Picnic with Peruvians

I was invited by a teacher at Matt´s school to go on an outing last Sunday. As she graciously insisted on collecting me at our house despite needing to take a bus to do so, Matt and I prepared an American bacon and eggs breakfast for Maribel and her 15-year-old daughter Nicole before we headed out. I ended up on a fantastic group outing to Cumbe Mayo, an archeological site about 30 minutes outside of Cajamarca. I did my research on Cumbe Mayo after I returned home and learned that it was a pre-Incan aqueduct built in approximately 1500 BC. Almost more impressive than the ancient feat of engineering is the natural beauty of volcanic rock formations referred to as “the Stone Monks.” The site also has petroglyphs, but I didn’t know to look for any on this visit. Next time!

First Glimpse

Upon leaving our house, my adventure started with my first bus ride in Peru. Buses are really oversized vans and as we didn’t exactly know how they operate, we were too chicken to try one. I learned that the fare is 80 soles anywhere on the route and you pay when you get off. Because the bus was traveling too slowly and we were late, we hopped off and jumped into a moto-taxi, another first for me. We arrived at Maribel’s sister’s house (Yodi, short for Yolanda, I think) because we were going with Yodi, her boyfriend Fabi and her 6 year-old-daughter Kiera (pronounced in a Peruvian fashion that I never quite figured out) to meet some friends and head to Cumbe Mayo. We piled in Fabi’s SUV, stopped to pick up Maribel´s 13-year-old son, Kevin (named after the Macaulay Culkin Home Alone character, honest to god), and headed out of town.

Sort of. Despite the fact that Maribel and Yodi are native Cajamarquinas, they gave Fabi, who is from Lima, wrong directions. We were in a large SUV climbing winding, narrow streets to go up and over the hill to get out of town. We cruised around a corner, zoomed down a street, barely missing dogs and pedestrians, and Dead End. Fabi had to back up the SUV and honestly I am not sure we didn’t hit something on the way out. But he was an excellent driver and for all the near misses, I wasn’t fearing for my life. Perhaps I have Tommy to thank for training me as a passenger (if I yelled to slow down, he sped up. He got Mom´s car airborne and “buried the speedometer” on one memorable ride to teach me not to be a back seat driver! Matt should thank him.).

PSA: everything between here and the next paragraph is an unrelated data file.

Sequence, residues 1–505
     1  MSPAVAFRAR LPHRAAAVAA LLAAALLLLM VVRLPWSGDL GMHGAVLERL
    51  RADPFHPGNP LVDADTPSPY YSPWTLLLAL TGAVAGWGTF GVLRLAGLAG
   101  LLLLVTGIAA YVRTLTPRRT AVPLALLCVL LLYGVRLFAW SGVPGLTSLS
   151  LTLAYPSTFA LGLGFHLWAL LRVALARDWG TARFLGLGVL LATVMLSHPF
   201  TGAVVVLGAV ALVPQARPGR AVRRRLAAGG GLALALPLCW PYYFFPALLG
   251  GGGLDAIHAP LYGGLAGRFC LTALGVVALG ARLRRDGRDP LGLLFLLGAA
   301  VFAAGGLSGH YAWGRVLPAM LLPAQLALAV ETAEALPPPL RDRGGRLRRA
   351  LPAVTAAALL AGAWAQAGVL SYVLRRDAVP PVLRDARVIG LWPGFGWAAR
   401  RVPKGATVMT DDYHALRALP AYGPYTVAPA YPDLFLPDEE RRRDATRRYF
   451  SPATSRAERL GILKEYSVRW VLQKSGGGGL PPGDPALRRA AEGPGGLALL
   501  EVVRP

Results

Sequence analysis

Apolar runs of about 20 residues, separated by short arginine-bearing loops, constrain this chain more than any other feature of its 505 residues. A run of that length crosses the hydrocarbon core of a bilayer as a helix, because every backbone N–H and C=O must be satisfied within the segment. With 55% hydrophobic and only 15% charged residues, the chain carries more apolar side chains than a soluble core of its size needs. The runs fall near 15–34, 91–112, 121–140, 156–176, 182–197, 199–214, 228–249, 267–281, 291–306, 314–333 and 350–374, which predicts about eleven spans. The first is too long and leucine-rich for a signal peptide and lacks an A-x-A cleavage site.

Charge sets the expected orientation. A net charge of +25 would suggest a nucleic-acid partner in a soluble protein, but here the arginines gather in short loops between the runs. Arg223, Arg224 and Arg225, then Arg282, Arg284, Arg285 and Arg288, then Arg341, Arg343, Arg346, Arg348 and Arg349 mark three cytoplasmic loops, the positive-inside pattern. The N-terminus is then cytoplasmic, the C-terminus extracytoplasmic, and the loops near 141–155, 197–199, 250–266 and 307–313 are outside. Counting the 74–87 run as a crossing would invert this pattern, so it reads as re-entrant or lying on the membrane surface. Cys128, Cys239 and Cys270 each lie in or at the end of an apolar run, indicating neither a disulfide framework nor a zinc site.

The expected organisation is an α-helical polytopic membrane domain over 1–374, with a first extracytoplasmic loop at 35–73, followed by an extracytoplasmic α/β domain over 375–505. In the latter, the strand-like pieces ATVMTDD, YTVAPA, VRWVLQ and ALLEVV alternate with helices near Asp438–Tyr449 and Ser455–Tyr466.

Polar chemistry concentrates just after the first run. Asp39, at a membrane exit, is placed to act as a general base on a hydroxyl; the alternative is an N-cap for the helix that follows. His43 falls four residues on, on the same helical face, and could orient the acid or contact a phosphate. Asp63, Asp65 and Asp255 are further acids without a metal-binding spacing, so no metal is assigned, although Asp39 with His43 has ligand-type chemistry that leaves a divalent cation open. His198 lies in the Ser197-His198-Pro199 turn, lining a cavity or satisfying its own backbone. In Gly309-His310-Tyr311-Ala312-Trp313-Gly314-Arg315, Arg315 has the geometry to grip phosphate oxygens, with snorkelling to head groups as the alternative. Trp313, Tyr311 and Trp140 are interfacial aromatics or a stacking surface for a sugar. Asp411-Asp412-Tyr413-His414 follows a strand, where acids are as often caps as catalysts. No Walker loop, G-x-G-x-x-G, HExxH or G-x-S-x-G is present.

We made it out of the city and met up with a couple, a dad and young son and another guy. All very nice but I never managed to get anyone’s name. We set off on the country roads to Cumbe Mayo. The view was stunning the higher we climbed into the mountains and we ended at about 11,800 feet, which is 3,000 feet higher than Cajamarca. Nicole, like her mother, speaks very good English, so the ride went quickly as she asked me to teach her some slang (“no bad words!” decreed by Maribel) and looked at the music and pictures on my iPhone. I did get nervous when we pulled over and Yodi took the wheel. “She´s learning to drive,” Maribel explained. To us that would be learning to drive on the road to Pike’s Peak in Colorado! But I realized that this winding, rutted, dirt road with no guardrails probably is safer than learning in Cajamarca where driving is a blood sport.

Our plan for Cumbe Mayo was to hike around, have a picnic and enjoy the day. And that is exactly what we did. The entry to the site starts with a descent down a path complete with stairs to the base of one of the rock formations. At that point you basically can wander around at will. There are some paths, but, as we later learned, you can also just forge your own. The path we initially chose quickly had us going though a very narrow cave. At one point it is completely dark, which is horrible sensation when you have no idea how big the cave is and are also worried about getting stuck!

We all made it and hiked for about an hour or so before stopping for a picnic lunch at a big stone slab in the midst of a flat, grassy area. One guy joked that the slab was the site of ancient sacrifices, but perhaps he wasn’t joking given the history of the site. The men unloaded their backpacks and everyone set to preparing lunch: hamburgers, Peruvian style. Delicious rolls, pre-cooked patties (I tried not to think about how long these patties had been unrefrigerated as it was at least 3 hours by my count), lettuce, tomatoes and shoe string potatoes. The final addition is typical in Peru, as were the condiment choices, including several ajís. There were multiple kinds of fruit juices and mandarins as well. It was really delicious and the view and fresh air were wonderful. I didn’t even freak out over the stray dogs that circled us like wolves as soon as the food appeared. I could only follow about 50% of the conversation, but that was fine and it was a great way to improve my comprehension. Because this is Peru, the boy had a soccer ball along so our lunch site was perfect for the post-lunch soccer game (I watched), apart from all of the aqueducts that the ball kept falling into.